Three is enough for the moment, I think… so I thought I’d have a crack at something a bit different. Accordingly, still too timid to embark on the novel I so want to write, I delved back into my own past and came up with these nautical adventures. I was a little apprehensive about foisting something so different upon my readers, concerned that most of them would not be remotely interested in the high seas and sailing upon them. But Nat, my editor, reassured me by saying that ‘Three Ways to Capsize a Boat’ has about as much to do with proper sailing as ‘Three Men in a Boat’ has to do with serious river navigation.
I felt flattered to have my book compared with Jerome K Jerome’s little classic – something that has gone deep into the soul of all of us – but then Nat is my editor and thus unnaturally enthusiastic about what I write. There are undeniable similarities, though… both books are nautical, light hearted and mercifully short; both consider the premise of utter incompetence.
The events in question happened in the early eighties and me in my early thirties. Things have gone wrong with the sheep farming and there I am casting around for something to fill my life with. Out of the blue I am offered a job skippering a yacht in the Greek Islands… and me having never so much as set foot upon the sea, let alone a boat. Eagerly I accept the job and set about making myself halfway competent. In a succession of dangerous and unpleasant interludes I come to the conclusion that I detest sailing and want nothing further to do with the sea. But I am committed, and being something of a sticker, carry on through.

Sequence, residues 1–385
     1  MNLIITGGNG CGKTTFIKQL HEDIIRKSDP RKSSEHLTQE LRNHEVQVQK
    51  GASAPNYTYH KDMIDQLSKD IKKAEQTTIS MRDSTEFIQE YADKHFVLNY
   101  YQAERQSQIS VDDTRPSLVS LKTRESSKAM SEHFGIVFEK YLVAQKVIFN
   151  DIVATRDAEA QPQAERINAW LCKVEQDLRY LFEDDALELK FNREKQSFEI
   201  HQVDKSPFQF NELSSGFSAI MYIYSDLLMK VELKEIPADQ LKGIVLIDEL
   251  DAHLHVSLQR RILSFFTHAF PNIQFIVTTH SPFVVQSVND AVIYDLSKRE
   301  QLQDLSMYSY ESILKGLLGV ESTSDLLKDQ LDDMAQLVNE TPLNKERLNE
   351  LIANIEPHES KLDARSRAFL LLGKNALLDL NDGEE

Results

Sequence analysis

The movement of the book – if that’s not too pompous a term – is me learning to love the sea. In its inimitable way everything goes belly up in Greece, but little by little our irrepressible protagonist (me) sorts things out and spends a glorious late summer and autumn enjoying the wine dark sea and the Isles of Greece, something that has left me with an unquenchable yearning.
Next I decide to take things more seriously and embark with my nautical mentor, Tom Cunliffe (q.v. at www.tomcunliffe.com ) on a proper sailing journey across the North Atlantic in the wake of Leif Eriksson. (You’ll remember Leif… he discovered the Americas five hundred years before Columbus, but very sensibly, left them alone) This was the right stuff, and the journey, from the heavenly fjords of Norway across to gale blasted Iceland, ice bound Greenland and eventually Newfoundland, gives me an excuse to wax eloquent about the sea and its bergs and dolphins and whales, and its moods elegiac, sinister and terrifying. For this, like much else in life, was a voyage in search of beauty.
You will find here subjects never before touched on in the genre… and perhaps better left that way. And to round up, there is a romantic and implausible – but true, as are all the events in the book – episode with the wife to be, in the icy and turgid waters off the West Country.